What a week of voting it has been. The Scomophobic amongst us got the shock of their lives. Voting created havoc in the United Kingdom and Europe. And that was just Eurovision, where the UK entry came in last and even then had their score reduced because of an accounting error. And in London, 270 judges from around the world were asked to vote for the true champions at D&AD.
The truth can be hard work to uncover. The truth is sometimes hard to unearth. But the truth is worth it.
And the truth is, Droga5 and Furlined’s campaign for The New York Times was awarded two black pencils for a timely, provocative, inspiring and absolutely ‘of the moment’ campaign, which shed light on the lengths that their reporters go to to get to the reality of a story.
It is testament to the power of the campaign – and the perhaps the power of the people who trump up their fake news war cry – that we need a piece of work this profound to get us to remember and re-value the importance of truth.
But when you have to prove the truth – and when that truth has to be presented in a way that is beyond argument – it does perhaps bring out the best in everyone.
Not least, the creative talent who created this campaign.
To some extent, this piece of work hits the nerve of the power and importance of D&AD itself.
As an award show, it has an integrity and a procedure and objectivity which sets it above all others.
Over and over again this week, judges, juries and hopeful entrants kept telling me, D&AD is the one to win, because it is tougher, it is fairer and it is definitive.
Every decision the juries make is reduced to a yes or no. There is no maybe. There is no scoring from 1 to 10. No percentages or targets or numbers to meet. No sponsors to pander to.
No. Here in London, the world’s best creative people are asked a series of very basic questions. And by making the answer yes or no, the results become about as close to the truth as to what work is good or not as you can get.
Is it good enough to be worthy of consideration for a pencil? (If yes, onto the shortlist it goes).
Is it good enough to be considered the best of the year? (If yes, then wood).
Is it standout work, beautifully executed with an original and inspiring and relevant idea at its core? (If yes, then Graphite).
Of all these pieces, is this one of the best pieces of work in the world this year? (If yes, then Yellow).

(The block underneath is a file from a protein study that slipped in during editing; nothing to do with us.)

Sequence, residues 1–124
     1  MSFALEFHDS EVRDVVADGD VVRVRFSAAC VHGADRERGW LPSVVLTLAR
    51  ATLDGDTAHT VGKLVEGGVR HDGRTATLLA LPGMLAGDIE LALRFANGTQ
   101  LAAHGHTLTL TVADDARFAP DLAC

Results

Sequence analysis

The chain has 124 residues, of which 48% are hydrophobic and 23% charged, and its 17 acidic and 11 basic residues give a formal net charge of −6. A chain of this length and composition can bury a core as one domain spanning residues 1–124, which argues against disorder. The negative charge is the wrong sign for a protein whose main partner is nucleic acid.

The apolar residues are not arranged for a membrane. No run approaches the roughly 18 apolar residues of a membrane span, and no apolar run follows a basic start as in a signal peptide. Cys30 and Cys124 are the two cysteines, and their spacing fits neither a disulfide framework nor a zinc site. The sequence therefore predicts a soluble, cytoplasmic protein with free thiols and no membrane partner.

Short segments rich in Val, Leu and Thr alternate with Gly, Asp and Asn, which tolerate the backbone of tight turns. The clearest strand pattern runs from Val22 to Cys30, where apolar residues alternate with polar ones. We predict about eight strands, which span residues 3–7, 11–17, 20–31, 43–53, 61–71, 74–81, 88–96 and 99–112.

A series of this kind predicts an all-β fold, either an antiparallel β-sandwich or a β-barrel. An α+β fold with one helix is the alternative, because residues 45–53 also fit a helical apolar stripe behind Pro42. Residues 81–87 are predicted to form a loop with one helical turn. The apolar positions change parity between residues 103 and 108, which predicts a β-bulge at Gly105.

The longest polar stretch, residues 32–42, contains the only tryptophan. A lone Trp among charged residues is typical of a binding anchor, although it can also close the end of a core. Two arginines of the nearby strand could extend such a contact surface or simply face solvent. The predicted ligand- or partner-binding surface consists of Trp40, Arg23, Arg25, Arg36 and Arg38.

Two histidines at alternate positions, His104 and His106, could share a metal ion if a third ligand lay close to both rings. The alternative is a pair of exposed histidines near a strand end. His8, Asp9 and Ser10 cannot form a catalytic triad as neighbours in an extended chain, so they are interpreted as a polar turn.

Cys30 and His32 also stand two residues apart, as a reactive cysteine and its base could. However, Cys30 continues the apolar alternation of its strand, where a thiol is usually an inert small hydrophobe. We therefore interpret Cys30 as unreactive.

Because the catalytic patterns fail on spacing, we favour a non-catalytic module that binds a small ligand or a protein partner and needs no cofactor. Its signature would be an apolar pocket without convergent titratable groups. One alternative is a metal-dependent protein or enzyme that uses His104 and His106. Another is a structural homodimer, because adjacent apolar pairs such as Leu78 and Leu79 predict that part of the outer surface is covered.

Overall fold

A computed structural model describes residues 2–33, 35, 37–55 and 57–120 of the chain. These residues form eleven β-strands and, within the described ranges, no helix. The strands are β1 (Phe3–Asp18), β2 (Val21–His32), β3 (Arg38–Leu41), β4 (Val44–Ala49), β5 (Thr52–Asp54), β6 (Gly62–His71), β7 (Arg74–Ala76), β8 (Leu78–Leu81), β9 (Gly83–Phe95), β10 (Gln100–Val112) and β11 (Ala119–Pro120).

And above all, does it deserve to be recognised as a ground-breaking piece of work in its field, that will stand the test of time? (If yes, and only if 60% of the jury agree, then Black).
Six pieces of work were recognised this year.
Two for advertising, two for design and two for craft.
And Australia – despite polling relatively low in the numbers of pencils won overall (just 23 – a tenth of those won by the USA – and coming in number 7 in the ranking to the American’s number 1) – the country had a significance in amongst all the Black pencils.
Not least the eponymous Dave Droga for The New York Times campaign, but also BWM Dentsu for their Project Revoice. Congratulations are most definitely in order.
Other black pencils went to Weiden and Kennedy for their integrated ‘Dream Crazy’ campaign for Nike. Featuring Colin Kaepernick and Serena Williams. 30 years on and ‘Just Do It’ is still doing it.
Microsoft made gaming more accessible with their Xbox Adaptive Controller.
But perhaps the black pencil that I feel most deserved its recognition was Kim Gehrig’s work for Libresse. Yes, another Australian.
Under her direction, the vulva became something that should be positively celebrated. The lyric ‘I need to praise you like I should’ has never been given more relevant and potent meaning.
It was not lost on the audience or the entire advertising community that a female director was being awarded a black pencil for a piece of work which spoke to and for all women.
And the significance of this is remarkable. For I genuinely believe it will mean more and more women will feel empowered and inspired to work in and lead our creative industry.
(And let’s not forget, Kim also directed some of the Nike ‘Dream Crazy’ campaign).
God knows, it’s well overdue.
But, the truth is, this was not done for show, or somehow to create a topical statement. That simply doesn’t happen at D&AD.
No, the truth is, this was simply brilliant brave and potent creativity, beautifully made and passionately crafted.
And for that, Kim deserves our admiration and sincere congratulation. Because what she has done against all the odds, the barriers, the challenges and (dare I say) the chauvinism – is become the very best in the world.